Monday, October 17, 2005

Emerging Generations: III

Dann Spader, who wrote the original material for Sonlife Youth Strategies, had this interesting observation to make about the average youth group and approach to youth ministry:
"Jesus spent the first year of His ministry teaching His followers who He was. They had a wrong concept of the coming Messiah. They thought He'd come as a conquering King - instead Jesus came as a suffering servant. Jesus knew that only as people understood who He was and why He came, only then would they begin to have the right motivation for following Him. Christ's disciples slowly began to see that He was different than their perception of the coming Messiah.

"Those we minister to are no different. People have wrong concepts of who Christ is, what He has done for us, and what He asks of us. It is very difficult to yield your life to someone you do not know properly. Proper motivation to serve and minister stems from a proper understanding of Jesus Christ."

Knowing Whom you serve, and what He wants of us, is absolutely crucial. However, the number of times that people get the WRONG idea about Jesus is appalling. Somehow, far too many Christians live in a legalistic manner, trying to earn God's approval or at least avoid His disapproval, thinking that Jesus is generally disappointed in them, if not outright angry.

"Performance orientation" in our walk with Jesus is only going to bring condemnation and death to us - and that's what we'll reap in the youth if we teach or model anything but that God has unconditionally accepted us in Jesus.

We love because He first loved us. We serve because He served us. We give our lives for Him because He gave His life for us. Any motivation for serving that is not rooted in our being acceptable to God in Christ will result in striving, legalism, and condemnation.

Three things we need to repeatedly emphasize:
  1. Who Jesus is.
  2. What Jesus has done for us.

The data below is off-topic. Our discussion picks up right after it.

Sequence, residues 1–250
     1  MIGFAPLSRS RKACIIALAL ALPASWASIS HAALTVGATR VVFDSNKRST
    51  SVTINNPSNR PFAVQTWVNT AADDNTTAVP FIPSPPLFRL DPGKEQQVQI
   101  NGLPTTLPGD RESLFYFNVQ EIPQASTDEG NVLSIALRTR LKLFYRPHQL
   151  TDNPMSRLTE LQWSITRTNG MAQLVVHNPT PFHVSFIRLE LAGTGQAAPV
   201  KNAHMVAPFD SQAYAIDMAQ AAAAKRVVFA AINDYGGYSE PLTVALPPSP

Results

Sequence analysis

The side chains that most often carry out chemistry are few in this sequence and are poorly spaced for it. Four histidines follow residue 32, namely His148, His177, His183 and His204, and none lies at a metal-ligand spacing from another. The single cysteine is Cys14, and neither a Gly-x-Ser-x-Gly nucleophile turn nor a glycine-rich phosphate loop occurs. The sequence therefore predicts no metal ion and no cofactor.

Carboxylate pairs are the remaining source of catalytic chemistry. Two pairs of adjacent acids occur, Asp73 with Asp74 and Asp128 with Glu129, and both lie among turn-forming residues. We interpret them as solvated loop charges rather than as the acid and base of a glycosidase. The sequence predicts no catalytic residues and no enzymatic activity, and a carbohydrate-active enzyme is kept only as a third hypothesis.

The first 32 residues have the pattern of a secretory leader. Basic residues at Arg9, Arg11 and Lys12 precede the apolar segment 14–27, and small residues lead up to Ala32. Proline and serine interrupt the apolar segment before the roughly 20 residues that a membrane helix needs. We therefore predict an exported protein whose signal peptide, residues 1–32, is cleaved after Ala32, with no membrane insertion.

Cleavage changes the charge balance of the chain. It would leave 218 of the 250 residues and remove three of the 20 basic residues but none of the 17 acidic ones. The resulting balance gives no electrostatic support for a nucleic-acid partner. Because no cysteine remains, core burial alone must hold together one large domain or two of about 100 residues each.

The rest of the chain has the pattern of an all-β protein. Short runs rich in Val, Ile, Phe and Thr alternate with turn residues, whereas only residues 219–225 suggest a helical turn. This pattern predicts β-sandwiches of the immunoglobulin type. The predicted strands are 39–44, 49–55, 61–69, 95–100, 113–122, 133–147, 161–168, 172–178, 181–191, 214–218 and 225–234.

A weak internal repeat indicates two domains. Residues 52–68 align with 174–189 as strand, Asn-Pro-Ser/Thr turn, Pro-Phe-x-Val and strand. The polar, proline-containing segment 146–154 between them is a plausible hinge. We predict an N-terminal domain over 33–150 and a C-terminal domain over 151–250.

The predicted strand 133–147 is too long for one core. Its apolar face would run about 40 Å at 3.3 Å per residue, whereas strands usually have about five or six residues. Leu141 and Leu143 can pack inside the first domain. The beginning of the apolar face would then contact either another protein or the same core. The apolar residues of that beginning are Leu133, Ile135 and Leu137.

3. Who we are in Jesus.
The goal is youth and leaders alike who love Jesus. Everything that we do or say should be done out of this love for Jesus. Law, legalism, "putting the screws" to people (often in the guise of "challenging") is anti-grace, and only results in a spirit of manipulation and control in leaders, and condemnation and defeat in the lives of the youth.

Checklist

Observe our own actions
  • What is the tone of our life & actions?
  • Is it a tone of law, performance or "doing" for God, or is it a tone of love, grace & acceptance?
Observe the people around you
  • Why are people doing what they're doing - because they want to, or because they think they have to?
  • Do they talk about God and His goodness, or about their performance (or lack of it) before God?
Teach the Character of God
  • Does our teaching worship God through emphasizing who He is, or do we emphasize man and only what we are to do?
  • Are we teaching the character of God, or only data about Him?
Emphasize grace and acceptance
  • In our conversations, do we emphasize God and His character, or man and his efforts?
  • In our actions and lifestyle do we emphasize performance for God, or grace and acceptance, out of which flows good works?
  • In our own spiritual formation, do we only see what we are to do for God, or can we see God in all His glory and what He has done for us?

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